My Running Truth: I stay motivated to keep running on the difficult days by reminding myself that the act of running is a privilege.

My name is Mireille and I am a Cameroonian born/ Los Angeles raised runner/dancer/daughter/sister/friend and future health care clinician. I like hanging out with old friends and new people, practicing personal development, and as you can probably guess- running. Ice cream is my not-so-guilty pleasure and I LOVE sleep!



When did you start running and what inspired you to start?

I started running in high school. Instead of doing regular PE my junior year, I decided to join the track team as most of my friends were on it. Back then, speed and shorter distances were enough for me. I did not continue running immediately after high school, but my interest was reignited while majoring in Exercise Science in undergrad. We were required to complete a course that measured our level of fitness such as strength and cardiovascular health. We would build up our mileage periodically, and our class final included a timed 5k run. Living away from home and eating dorm food did take a toll on my prior level of fitness from high school. So, you could say my inspiration for running is rooted in wanting to obtain a healthier lifestyle. Even after I completed the course, I started running 5ks at the school gym on my own. My very first running goal was to do it in 30 minutes!


What has been the biggest lesson running has taught you?

Running has taught me many things, but I would consider one of the biggest lessons to be “you’ve always got more to give.” That goes for the hard runs and the runs when you feel you can go on forever. We all have that little extra push in us, it’s just a matter of reaching down and pulling it out of ourselves.


How do you stay motivated to keep running on days you don’t want to get out the door?

I stay motivated to keep running on the difficult days by reminding myself that the act of running is a privilege. Very few of us HAVE to do it, and there are a number of those who CAN’T. But I remember my goals, why I’m training, and remind myself that I GET to do this. Seeing as this always wasn’t the case, I often pull from my own life experience. I’ve been living with Lupus since 2013 and running was practically non-existent in the first year and a half of treatment. In late 2014, I decided to try again, even if was just half a mile or one mile. I went from being barely able to walk to now having two full marathons under my belt! I have motivation for days, and I love sharing it with others.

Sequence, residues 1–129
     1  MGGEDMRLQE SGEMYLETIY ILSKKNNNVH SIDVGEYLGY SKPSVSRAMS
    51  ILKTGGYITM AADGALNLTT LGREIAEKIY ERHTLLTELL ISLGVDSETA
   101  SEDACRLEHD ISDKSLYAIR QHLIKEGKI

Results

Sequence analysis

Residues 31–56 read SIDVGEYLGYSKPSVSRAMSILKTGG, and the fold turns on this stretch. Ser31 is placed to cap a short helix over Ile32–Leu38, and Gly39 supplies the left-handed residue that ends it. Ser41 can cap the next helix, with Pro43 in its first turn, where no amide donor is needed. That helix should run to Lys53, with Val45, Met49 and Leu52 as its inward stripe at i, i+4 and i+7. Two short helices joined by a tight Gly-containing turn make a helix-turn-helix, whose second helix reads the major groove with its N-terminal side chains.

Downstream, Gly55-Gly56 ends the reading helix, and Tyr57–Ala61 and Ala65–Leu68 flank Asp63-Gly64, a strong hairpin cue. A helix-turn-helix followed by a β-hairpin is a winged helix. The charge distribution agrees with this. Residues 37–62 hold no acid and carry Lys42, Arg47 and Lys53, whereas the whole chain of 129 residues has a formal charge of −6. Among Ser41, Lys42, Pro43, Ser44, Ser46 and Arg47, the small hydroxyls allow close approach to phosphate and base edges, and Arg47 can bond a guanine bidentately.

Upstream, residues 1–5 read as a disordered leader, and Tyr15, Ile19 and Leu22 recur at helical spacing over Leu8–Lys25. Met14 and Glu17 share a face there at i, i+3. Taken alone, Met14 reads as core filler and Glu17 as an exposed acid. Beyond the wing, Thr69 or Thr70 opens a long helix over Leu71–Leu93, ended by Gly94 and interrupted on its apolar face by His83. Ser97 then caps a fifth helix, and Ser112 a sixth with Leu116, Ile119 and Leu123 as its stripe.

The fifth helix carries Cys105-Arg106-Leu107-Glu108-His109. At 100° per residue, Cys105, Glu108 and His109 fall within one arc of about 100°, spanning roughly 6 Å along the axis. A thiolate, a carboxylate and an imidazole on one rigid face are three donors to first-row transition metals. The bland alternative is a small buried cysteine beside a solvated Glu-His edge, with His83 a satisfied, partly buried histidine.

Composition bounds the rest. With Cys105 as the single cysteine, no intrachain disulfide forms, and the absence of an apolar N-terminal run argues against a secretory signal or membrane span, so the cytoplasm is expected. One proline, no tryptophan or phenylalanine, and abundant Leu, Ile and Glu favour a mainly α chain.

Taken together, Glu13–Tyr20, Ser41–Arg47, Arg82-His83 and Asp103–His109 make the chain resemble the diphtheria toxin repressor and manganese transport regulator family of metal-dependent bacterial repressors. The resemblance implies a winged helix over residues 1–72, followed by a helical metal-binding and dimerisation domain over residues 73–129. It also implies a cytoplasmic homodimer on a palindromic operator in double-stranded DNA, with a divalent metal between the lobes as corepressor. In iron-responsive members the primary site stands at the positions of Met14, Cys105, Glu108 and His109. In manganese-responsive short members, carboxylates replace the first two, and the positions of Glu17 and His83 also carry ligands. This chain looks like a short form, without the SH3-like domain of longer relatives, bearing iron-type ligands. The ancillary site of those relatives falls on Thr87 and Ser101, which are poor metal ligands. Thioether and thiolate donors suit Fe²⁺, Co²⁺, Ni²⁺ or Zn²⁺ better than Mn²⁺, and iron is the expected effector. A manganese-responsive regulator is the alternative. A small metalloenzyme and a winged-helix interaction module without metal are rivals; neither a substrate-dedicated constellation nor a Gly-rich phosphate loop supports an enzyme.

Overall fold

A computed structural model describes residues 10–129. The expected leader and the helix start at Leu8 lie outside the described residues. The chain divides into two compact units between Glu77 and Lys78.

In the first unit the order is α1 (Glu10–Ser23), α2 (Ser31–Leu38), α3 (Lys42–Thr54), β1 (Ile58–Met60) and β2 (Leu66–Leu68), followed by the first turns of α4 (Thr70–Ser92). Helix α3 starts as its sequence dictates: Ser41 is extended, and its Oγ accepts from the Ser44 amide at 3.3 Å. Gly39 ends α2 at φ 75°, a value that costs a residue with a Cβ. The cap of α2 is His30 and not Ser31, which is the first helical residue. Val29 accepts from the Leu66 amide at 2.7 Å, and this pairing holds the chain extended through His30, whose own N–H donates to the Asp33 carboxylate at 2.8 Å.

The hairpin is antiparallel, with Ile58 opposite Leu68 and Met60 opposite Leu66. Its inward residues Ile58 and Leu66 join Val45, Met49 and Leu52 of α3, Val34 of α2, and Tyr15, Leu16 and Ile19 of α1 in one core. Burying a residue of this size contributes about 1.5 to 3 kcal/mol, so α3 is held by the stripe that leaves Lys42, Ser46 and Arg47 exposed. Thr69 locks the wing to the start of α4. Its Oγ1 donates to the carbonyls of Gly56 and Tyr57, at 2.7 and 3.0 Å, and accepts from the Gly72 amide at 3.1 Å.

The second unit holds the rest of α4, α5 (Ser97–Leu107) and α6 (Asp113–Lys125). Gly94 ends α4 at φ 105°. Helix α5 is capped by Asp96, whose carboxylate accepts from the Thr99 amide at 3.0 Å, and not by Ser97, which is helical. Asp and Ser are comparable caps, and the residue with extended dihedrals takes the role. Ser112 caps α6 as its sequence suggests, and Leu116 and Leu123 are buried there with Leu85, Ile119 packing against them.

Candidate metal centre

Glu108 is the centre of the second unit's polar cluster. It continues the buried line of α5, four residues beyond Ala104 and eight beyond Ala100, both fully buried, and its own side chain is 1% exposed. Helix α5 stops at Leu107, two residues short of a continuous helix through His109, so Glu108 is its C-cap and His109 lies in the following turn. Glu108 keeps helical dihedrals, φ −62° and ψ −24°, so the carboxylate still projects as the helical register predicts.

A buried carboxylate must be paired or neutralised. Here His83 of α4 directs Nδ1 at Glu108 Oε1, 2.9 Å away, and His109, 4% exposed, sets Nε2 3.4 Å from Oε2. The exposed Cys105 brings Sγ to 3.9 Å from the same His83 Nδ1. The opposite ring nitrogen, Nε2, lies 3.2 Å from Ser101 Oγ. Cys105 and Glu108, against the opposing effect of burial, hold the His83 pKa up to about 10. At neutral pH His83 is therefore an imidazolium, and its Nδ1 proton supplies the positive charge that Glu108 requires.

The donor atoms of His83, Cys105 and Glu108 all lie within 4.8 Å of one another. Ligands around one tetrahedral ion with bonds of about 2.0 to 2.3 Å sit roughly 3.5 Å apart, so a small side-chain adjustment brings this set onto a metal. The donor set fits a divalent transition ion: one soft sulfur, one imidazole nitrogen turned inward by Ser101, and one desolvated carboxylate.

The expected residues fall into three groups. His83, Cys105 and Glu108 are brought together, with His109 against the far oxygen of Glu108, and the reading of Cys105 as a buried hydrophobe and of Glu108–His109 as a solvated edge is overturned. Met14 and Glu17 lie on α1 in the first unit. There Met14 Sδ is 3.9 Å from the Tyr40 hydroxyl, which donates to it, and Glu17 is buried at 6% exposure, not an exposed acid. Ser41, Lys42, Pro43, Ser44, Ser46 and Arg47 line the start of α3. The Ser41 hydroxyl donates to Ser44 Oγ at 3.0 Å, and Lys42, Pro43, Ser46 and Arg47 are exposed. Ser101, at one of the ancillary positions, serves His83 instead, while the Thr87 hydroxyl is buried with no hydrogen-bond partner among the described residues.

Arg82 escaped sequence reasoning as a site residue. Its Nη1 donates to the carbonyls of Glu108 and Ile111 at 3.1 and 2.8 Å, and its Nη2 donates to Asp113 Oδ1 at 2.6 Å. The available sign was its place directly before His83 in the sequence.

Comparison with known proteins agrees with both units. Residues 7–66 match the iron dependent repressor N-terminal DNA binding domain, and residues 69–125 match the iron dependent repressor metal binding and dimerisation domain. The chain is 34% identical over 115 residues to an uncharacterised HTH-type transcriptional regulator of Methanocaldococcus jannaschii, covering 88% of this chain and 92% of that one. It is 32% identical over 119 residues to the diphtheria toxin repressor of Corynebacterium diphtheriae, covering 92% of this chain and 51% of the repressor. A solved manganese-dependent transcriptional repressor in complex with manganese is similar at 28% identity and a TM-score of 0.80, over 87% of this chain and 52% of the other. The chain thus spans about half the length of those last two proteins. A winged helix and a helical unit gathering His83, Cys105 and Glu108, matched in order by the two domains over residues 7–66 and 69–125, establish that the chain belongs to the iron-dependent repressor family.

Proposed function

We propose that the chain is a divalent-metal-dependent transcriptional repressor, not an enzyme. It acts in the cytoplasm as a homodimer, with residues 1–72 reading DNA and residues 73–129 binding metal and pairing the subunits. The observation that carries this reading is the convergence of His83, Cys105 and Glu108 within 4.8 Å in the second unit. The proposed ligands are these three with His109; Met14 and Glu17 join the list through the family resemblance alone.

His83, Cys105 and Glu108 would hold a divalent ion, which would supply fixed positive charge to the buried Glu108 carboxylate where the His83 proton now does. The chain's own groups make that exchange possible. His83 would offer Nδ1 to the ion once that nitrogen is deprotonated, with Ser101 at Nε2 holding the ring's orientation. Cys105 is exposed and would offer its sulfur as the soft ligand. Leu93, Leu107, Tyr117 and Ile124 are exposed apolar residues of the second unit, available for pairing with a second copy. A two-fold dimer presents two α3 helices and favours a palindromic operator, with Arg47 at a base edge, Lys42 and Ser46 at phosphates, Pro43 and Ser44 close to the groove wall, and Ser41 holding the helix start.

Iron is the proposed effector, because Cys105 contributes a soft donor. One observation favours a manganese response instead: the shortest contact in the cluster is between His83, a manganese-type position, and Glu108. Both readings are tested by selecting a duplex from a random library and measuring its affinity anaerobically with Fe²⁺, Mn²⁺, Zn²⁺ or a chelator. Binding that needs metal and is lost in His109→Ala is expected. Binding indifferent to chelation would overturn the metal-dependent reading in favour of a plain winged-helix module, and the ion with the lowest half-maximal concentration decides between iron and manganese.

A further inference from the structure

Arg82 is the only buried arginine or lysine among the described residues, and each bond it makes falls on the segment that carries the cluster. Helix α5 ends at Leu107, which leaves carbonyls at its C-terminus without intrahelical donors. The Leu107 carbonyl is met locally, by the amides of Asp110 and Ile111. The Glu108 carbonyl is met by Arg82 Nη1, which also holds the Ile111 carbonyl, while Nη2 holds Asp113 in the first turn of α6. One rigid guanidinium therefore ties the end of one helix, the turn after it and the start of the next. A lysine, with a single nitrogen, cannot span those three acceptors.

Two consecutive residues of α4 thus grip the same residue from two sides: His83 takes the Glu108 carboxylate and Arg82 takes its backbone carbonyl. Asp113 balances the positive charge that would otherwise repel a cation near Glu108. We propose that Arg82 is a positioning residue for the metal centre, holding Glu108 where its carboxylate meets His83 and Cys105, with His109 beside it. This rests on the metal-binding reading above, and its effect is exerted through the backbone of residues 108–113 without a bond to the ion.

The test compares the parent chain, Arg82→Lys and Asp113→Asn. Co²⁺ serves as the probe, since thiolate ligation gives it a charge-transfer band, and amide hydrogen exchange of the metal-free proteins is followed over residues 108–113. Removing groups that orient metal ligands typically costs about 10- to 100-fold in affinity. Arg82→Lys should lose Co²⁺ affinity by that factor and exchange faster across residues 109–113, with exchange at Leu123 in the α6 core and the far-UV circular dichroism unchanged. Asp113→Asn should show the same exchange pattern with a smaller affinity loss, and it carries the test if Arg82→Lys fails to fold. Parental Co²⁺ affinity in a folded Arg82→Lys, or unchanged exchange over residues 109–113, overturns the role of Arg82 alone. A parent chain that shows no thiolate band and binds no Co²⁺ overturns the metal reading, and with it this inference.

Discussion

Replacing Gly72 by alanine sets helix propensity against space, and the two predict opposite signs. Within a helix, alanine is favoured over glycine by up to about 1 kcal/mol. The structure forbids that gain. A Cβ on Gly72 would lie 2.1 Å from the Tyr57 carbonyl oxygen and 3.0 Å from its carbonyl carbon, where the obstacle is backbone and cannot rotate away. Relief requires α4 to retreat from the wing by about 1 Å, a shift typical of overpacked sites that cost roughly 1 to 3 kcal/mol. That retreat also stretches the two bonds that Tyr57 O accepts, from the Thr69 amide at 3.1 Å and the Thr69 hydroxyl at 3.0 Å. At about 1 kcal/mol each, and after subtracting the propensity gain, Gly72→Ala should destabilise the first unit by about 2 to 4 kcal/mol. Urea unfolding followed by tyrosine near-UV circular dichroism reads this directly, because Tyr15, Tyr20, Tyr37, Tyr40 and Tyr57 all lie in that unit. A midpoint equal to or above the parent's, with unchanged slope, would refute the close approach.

What has been the biggest challenge for you when it comes to running?

The biggest challenge for me when it comes to running has been getting used to how my body functions and feels during a run. There are a lot of things that set you apart from the runner next to you. What works for you, may not work for them and vice versa. I believe in trying different approaches to training and nutrition to find what works for you and makes you a stronger runner. Another challenge used to be the fear of pushing myself. I was afraid that if I tried to run with a faster group or run a little longer, I wouldn’t make it or I would get injured. But it was getting outside of my comfort zone that has made all the difference.


Who has been your biggest inspiration to  get you going?

My biggest inspiration is not one person specifically but the community of runners, especially the run families in Los Angeles. People come from all walks of life and I think it’s beautiful that we can pause our separate lives for a couple hours and do something we all love. You may not get to know everyone personally, but we still celebrate each other’s accomplishments nonetheless. Seeing others put in the time for their training or goals inspires me to do the same.


What are your favorite shoes to run in?

I am not sure if I can say I have an absolute favorite right now. I have been experimenting this year and rotating between Nike Pegasus, Adidas Ultraboost, Hoka Clifton 4, and APL Techloom Phantom. The shoe I end up running with depends on the workout for that day.


What does healthy mean to you?

To me, being healthy means being well in mind, body, and soul. I believe we get out of our bodies what we put in. I do my best to eat nutritious foods, meditate daily, and take time to do other things I enjoy like reading or catching up with friends, and cross-training. The little things add up and it’s what you do day after day that make up a whole year. So always be mindful of your food, thoughts, and heart.


How has running affected other aspects of your life?

Running has enhanced the other aspects of my life. It is the ability to trickle into everything else you do and change your perspective. I would say that time management and discipline are the two areas that have shown the most growth since I started running/training more seriously. Setting a schedule at the beginning of each week lets me see realistically where I have time to do my run, work, study, or plan other things.


What advice do you have for new runners?

First, congrats on making what’s sure to be one of the best decisions of your life. Things might not be glamorous in the beginning, but everything will improve with time, patience, and discipline. Never listen to yourself during the warm up- I promise you you’re not actually dying. I encourage you to find a community but if you prefer running on your own for now, that’s perfectly fine. Eat well, stay hydrated, and most importantly HAVE FUN.


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